# Roots of polynomials in C

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Every polynomial in C of degree n has exactly n roots in C.
How do we prove that every polynomial (with coefficients from C) of degree n has exactly n roots in C?

This is not a homework (I wish I was young enough to have homework) I guess this is covered in every typical undergraduate introductory algebra course but for the time being I can't find my algebra book from my undergraduate studies (25 years ago).

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## Answers and Replies

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Fundamental theorem of algebra, it is called. You will be able to find a good proof on the web.

WWGD and Delta2
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It is only true if you count multiplicities. So a complex polynomial has at most ##n## distinct roots. There are quite a lot of very different proofs. Hence the question is: what are we allowed to use?

The shortest answer is: ##\mathbb{C}## is algebraically closed.

The shortest answer is: ##\mathbb{C}## is algebraically closed.
That's circular.

valenumr, swampwiz, graphking and 2 others
Fundamental theorem of algebra, it is called.
I had an algebra professor who liked to say that it is no longer a fundament theorem in algebra, and it has never been an algebra theorem (every proof requires analysis).

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That's circular.
No, it is not. You still have a formal induction to perform. It is short.

No, it is not. You still have a formal induction to perform. It is short.
How do you prove that ##\mathbb C## is algebraically closed?

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How do you prove that ##\mathbb C## is algebraically closed?
I haven't said the two statements weren't equivalent.

I haven't said the two statements weren't equivalent.
How is that a proof then?

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How is that a proof then?
It stretches my argument: proof depends on what is acceptable to be used! Admittedly in its extreme form, but anyway.

Here is another one:
All prime ideals in ##\mathbb{C}[x]## are generated by a single linear polynomial. The assertion now follows from Hilbert's Nullstellensatz.

And another one:
Irreducible polynomials over the reals have at most degree ##2## by the mean value theorem. Now all quadratic polynomials can be split over ##\mathbb{C}## by solving Vieta's formulas.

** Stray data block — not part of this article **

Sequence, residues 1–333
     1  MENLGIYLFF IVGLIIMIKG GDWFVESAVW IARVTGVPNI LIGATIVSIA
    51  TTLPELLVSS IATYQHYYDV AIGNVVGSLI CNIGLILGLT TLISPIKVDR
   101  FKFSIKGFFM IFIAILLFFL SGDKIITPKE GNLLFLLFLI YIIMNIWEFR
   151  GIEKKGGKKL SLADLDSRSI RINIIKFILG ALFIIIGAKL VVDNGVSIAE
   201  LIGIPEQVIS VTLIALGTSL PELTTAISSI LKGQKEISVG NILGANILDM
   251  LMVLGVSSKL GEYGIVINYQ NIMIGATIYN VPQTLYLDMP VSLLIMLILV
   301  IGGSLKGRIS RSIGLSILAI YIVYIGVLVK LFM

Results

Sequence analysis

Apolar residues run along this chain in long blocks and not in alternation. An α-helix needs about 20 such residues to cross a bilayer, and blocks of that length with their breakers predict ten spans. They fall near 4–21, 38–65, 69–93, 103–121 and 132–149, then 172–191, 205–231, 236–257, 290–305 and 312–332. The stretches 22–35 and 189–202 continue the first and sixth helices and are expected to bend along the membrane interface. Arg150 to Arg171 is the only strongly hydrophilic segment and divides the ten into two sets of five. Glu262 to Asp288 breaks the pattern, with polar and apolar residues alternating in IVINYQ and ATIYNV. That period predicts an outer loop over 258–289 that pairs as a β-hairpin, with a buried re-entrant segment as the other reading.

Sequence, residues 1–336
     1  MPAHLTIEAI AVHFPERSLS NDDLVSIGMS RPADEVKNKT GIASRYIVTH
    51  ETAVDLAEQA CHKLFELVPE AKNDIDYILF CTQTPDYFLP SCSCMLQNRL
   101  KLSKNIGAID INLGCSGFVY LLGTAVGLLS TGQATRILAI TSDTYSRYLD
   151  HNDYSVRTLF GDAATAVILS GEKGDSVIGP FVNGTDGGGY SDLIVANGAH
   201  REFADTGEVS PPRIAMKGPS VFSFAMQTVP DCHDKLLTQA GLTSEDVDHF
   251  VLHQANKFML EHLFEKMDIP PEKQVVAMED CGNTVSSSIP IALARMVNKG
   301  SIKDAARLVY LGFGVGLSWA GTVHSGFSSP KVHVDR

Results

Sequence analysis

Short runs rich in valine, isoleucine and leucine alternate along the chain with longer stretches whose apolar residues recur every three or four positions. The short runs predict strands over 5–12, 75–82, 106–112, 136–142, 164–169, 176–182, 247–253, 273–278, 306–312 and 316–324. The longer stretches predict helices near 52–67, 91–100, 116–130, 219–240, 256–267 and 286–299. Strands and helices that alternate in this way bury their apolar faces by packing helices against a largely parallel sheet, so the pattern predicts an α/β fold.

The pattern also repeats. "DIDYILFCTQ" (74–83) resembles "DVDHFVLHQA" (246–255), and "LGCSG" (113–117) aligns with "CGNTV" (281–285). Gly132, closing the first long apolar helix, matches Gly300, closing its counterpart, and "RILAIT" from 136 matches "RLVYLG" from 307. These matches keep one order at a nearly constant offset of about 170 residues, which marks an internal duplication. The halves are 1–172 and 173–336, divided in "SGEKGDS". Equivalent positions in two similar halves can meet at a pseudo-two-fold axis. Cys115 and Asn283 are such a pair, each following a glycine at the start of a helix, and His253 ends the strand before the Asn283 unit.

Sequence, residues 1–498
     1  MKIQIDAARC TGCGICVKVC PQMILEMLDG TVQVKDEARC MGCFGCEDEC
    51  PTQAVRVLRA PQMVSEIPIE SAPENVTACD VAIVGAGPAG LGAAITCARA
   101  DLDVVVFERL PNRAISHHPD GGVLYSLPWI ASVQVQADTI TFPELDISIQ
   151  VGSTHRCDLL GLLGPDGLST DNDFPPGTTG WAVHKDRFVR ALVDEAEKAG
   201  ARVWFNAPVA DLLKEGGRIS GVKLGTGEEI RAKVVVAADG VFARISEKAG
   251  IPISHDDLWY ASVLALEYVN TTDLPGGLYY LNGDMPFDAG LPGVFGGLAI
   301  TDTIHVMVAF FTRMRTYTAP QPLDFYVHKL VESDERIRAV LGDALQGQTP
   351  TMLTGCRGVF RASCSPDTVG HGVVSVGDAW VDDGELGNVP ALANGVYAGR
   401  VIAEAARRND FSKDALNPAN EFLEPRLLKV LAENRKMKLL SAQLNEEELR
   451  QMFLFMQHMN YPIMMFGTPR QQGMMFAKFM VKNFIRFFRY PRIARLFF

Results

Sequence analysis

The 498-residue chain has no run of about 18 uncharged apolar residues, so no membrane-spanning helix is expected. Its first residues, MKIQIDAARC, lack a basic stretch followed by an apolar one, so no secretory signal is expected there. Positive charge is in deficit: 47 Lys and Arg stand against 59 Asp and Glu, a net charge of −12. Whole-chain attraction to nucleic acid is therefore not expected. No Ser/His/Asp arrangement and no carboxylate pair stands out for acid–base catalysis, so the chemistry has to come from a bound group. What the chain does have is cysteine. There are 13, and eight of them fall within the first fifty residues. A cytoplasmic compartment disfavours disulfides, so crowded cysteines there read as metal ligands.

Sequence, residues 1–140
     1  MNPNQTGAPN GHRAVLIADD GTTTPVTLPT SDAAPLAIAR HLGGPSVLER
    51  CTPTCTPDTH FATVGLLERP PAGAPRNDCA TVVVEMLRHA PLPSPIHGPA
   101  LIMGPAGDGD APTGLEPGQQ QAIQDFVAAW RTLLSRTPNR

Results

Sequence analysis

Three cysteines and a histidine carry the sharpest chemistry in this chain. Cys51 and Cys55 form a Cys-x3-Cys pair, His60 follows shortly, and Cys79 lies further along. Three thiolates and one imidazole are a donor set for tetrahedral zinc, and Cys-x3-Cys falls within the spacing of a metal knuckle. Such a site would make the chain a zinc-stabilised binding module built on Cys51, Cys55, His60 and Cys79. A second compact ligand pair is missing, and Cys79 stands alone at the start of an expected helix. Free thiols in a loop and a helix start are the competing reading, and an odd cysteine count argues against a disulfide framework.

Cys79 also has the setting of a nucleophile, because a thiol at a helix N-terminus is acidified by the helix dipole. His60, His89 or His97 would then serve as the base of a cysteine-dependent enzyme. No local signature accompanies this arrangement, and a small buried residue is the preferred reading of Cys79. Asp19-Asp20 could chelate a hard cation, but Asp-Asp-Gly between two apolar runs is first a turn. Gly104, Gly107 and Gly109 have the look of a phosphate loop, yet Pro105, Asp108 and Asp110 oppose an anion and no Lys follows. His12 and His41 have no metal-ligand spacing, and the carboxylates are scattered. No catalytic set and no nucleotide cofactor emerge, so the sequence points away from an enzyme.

You never start from scratch, pardon, set theory and ZF. So any demand to prove something requires a list of known facts that hasn't been given. Algebraic completeness is simply the shortest fact to deduce the FTA.

It stretches my argument: proof depends on what is acceptable to be used! Admittedly in its extreme form, but anyway.

Here is another one:
All prime ideals in ##\mathbb{C}[x]## are generated by a single linear polynomial. The assertion now follows from Hilbert's Nullstellensatz.

You never start from scratch, pardon, set theory and ZF. So any demand to prove something requires a list of known facts that hasn't been given. Algebraic completeness is simply the shortest fact to deduce the FTA.
But Hilbert theorem assumes algebraically closed fields.

Of course you don't have to go to ZF, but showing it is equivalent to something else is not always a poof. They can be both wrong for example. Surely you would agree that showing that the Riemann hypothesis is equivalent to some other statement is not a proof and you don't go to collect you million bucks.

S.G. Janssens
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But Hilbert theorem assumes algebraically closed fields.

Of course you don't have to go to ZF, but showing it is equivalent to something else is not always a poof. They can be both wrong for example. Surely you would agree that showing that the Riemann hypothesis is equivalent to some other statement is not a proof and you don't go to collect you million bucks.
And my second solution uses topological completeness of ##\mathbb{R}##. You always use something. The only question is, what this something may be. If you are willing to accept the truth of an equivalent statement, then we're done. Otherwise, you keep going on to ask down the entire road to ZF.

The shortest proof I know uses Liouville's theorem, if ##p(z)## has no roots, then ##\frac1{p(z)}## is entire and bounded, thus a constant.

FactChecker, S.G. Janssens and wrobel
I like variational argument. This proof is not shortest one but it is still quite elementary and uses some fundamental ideas that go far outside complex analysis.

Let $$f(z)=\sum_{k=0}^n a_kz^k,\quad a_n\ne 0,\quad n\in\mathbb{N}$$ be a polynomial.

It is easy to see that ##|f(z)|\to\infty## as ##|z|\to\infty##. This property is referred to as coercivity. It implies that the function ##z\mapsto|f(z)|## attains its minimum in ##\mathbb{C}:## $$\exists z':\quad |f(z')|=\inf_{z\in\mathbb{C}}|f(z)|.$$ Then it is not hard to show that this minimum is a root: ##f(z')=0##.

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swampwiz, S.G. Janssens, martinbn and 1 other person
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No, it is not. You still have a formal induction to perform. It is short.
What exactly do you mean that ##\mathbb{C}## is algebraically closed ( do you mean that every polynomial has at least one root?) and what is this induction you speak about?